A high-flying executive who became one of the most prominent female bosses in the banking crisis has been tipped to become the new head of the London Stock Exchange.
British-born Blythe Masters, 48, a former finance chief at Wall Street bank JP Morgan, has been identified as a possible candidate amid an unseemly row that has led to the sudden departure of Xavier Rolet after eight years as chief executive.
He dramatically left last week following an intervention from the Governor of the Bank of England, Mark Carney.
New role?: Blythe Masters could take over at the London Stock Exchange
It had been announced in October that Rolet would be departing, but possibly not until the end of 2018.
On Tuesday, Carney stepped in, calling for ‘clarity as soon as possible’ over the struggle for control of the exchange between Rolet, backed by a major shareholder, and LSE chairman Donald Brydon.
Now numerous market sources contacted by The Mail on Sunday have identified Masters as a possible replacement for Rolet.
They say her deep understanding of financial markets would make her the perfect candidate to run the exchange.
Masters is currently chief executive of financial technology business Digital Asset, having stepped down from her 27-year JP Morgan career in 2014.
The Cambridge economics graduate had a brush with controversy over her role at JP Morgan in helping to create ‘complex credit derivatives’ that were central to the 2008 meltdown.
US investor Warren Buffett once described derivatives as ‘financial weapons of mass destruction’.
Ousted: Xavier Rolet had the backing of Sir Christopher Hohn (left)
She retorted that it was the misuse rather than design of instruments such as credit default swaps – which proliferated on an industrial scale – that caused problems, ‘much as poor workmen tend to blame their tools’.
Others linked to the role include Tory Euro-MP Kay Swinburne, a former banker, and Tim Howell, a former chief executive of Euroclear, a firm that settles payments.
The timing of the Rolet row could hardly be worse for the LSE and the City of London, which is seen as one of the most vulnerable sectors from Brexit.
Rolet was pro-Remain in the lead-up to last year’s EU referendum. Since the vote, the 58-year-old Frenchman has fought vocally to protect London’s dominance of the ‘euro clearing’ market.
He has also been central to a controversial, Government-endorsed effort to encourage oil giant Saudi Aramco to list its shares in London.
Mark Field, Conservative MP for the City of London, has urged the LSE to find a resolution as soon as possible.
He told The Mail on Sunday: ‘Whilst I understand the reasons for his moving sooner rather than later – given this big, very public row among senior people within the London Stock Exchange – I think it’s regrettable that he isn’t at the helm to see us through the Brexit negotiations.’
The LSE has appointed headhunters from Egon Zehnder to find a replacement.
To complicate matters for the LSE, Brydon is facing a vote called by a Rolet supporter to unseat him from the chairmanship.
The challenge has come from billionaire hedge fund manager Sir Christopher Hohn, whose investment firm, The Children’s Investment Fund (TCI), owns 5 per cent of LSE shares. After the LSE announced that Rolet would be stepping down before the end of 2018, TCI suggested that Brydon had in fact forced Rolet to quit as chief executive. It demanded his reinstatement.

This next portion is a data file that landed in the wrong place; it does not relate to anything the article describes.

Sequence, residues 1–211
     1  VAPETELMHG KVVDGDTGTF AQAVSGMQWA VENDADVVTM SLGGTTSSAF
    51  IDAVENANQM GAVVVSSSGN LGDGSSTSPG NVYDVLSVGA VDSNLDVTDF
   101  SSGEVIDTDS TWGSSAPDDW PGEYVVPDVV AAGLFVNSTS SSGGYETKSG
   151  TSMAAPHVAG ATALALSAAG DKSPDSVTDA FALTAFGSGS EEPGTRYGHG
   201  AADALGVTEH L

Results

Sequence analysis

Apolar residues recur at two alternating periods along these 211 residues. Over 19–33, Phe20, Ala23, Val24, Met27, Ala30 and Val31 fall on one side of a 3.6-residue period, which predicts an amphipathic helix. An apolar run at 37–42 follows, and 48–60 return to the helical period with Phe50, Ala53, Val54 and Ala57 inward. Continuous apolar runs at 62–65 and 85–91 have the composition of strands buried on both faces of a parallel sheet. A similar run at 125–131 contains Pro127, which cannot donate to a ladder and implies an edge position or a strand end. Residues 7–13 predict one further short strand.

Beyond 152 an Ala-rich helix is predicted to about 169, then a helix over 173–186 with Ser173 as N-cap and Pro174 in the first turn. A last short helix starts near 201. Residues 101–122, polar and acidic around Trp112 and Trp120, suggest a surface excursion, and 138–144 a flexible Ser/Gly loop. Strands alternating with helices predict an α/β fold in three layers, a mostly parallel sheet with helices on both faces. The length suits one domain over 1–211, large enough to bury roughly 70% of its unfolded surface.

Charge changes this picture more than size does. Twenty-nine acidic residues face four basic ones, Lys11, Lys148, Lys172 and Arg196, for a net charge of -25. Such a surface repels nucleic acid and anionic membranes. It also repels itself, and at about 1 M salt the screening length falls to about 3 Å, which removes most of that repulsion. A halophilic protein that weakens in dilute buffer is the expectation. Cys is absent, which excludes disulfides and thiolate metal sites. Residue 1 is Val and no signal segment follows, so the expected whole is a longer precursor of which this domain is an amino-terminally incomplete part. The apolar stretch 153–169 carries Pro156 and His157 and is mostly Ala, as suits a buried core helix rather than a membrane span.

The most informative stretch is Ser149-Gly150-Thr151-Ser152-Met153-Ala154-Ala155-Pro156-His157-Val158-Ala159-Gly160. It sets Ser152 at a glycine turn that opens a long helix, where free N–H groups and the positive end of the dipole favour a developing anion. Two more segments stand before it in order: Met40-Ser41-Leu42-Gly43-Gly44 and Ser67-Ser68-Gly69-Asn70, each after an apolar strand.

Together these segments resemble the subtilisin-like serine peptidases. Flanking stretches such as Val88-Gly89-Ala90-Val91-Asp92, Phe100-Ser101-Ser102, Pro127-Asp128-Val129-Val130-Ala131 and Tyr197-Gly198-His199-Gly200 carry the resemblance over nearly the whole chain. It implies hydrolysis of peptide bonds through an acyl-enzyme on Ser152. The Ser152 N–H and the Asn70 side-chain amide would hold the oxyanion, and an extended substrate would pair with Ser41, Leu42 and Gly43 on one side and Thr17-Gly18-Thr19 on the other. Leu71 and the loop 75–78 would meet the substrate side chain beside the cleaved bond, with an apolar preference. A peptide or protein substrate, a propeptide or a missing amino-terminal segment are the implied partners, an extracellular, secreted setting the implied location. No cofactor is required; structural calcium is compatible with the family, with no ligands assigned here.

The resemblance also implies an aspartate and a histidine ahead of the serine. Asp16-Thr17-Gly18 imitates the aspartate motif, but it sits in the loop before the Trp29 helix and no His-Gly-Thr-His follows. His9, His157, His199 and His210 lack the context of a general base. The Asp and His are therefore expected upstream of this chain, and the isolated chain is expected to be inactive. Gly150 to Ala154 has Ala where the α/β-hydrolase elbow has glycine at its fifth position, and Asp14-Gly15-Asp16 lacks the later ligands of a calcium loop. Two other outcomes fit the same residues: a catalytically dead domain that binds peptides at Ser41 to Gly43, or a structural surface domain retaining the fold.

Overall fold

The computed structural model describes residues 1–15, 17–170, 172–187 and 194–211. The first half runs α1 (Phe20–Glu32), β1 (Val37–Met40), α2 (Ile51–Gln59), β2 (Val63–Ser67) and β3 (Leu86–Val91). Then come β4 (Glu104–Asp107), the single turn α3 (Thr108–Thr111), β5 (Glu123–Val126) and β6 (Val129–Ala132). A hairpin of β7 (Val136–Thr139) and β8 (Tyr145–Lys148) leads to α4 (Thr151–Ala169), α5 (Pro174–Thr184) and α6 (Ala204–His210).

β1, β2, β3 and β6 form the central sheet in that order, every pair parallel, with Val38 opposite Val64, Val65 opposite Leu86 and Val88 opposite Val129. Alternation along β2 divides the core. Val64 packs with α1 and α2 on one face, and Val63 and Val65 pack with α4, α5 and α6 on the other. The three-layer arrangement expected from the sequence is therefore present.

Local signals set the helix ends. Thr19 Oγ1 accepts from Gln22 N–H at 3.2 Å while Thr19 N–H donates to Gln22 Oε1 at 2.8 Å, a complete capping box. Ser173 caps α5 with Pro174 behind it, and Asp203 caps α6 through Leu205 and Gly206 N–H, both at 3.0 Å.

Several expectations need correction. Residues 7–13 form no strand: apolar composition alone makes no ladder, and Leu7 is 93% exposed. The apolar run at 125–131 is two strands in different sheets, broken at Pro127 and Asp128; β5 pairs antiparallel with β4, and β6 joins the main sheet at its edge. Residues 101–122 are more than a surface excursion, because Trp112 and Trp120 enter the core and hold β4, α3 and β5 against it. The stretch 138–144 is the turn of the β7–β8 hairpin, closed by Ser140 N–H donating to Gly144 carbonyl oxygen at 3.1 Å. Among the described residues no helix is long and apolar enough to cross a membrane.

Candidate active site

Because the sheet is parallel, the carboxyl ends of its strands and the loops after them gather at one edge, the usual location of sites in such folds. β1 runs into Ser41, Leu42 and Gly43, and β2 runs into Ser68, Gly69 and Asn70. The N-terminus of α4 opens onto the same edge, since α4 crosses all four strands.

In an effort to appease shareholders upset by the handling of Rolet’s exit, Brydon, 72, said last week he would leave in 2019. But Hohn remains unhappy and has opted to push ahead with the vote.
The LSE has been forced to call a meeting of shareholders on December 19 to vote on the proposal to remove Brydon, who has been chairman of the board since 2015.
Hohn, 51, is understood to be confident he has enough investor backing to oust Brydon.
Crisis: The LSE has been forced to call a meeting of shareholders on December 19 to vote on the proposal to remove chairman Donald Brydon
TCI, which is considering putting forward its own candidates for the chairmanship, will put pressure on Brydon at the LSE’s annual general meeting next year if it is unsuccessful in removing him this month.
A source said that Brydon’s handling of the Rolet saga meant he was already a ‘lame duck chairman’. The source added that it was an embarrassment for the LSE that the Bank of England’s Carney, rather than Brydon himself, had effectively sacked Rolet. Roger Barker, head of corporate governance at the Institute of Directors, suggested Brydon and the LSE board have ‘fumbled’ and ‘not covered themselves in glory’.
However the Financial Conduct Authority has backed Brydon to remain until 2019, as did one top 20 shareholder spoken to by the Mail On Sunday.
A source close to the LSE board suggested Rolet, unhappy with his departure, seems to have endorsed TCI’s actions.
Rolet is understood to deny collusion with Hohn and, after signing a confidentiality agreement, has not commented other than to describe recent publicity as ‘unwelcome’.
David Warren, the LSE finance boss who was made interim chief executive last week, is another leading contender to succeed Rolet.
Other in-house contenders are chief operating officer Chris Corrado and information services boss Mark Makepeace.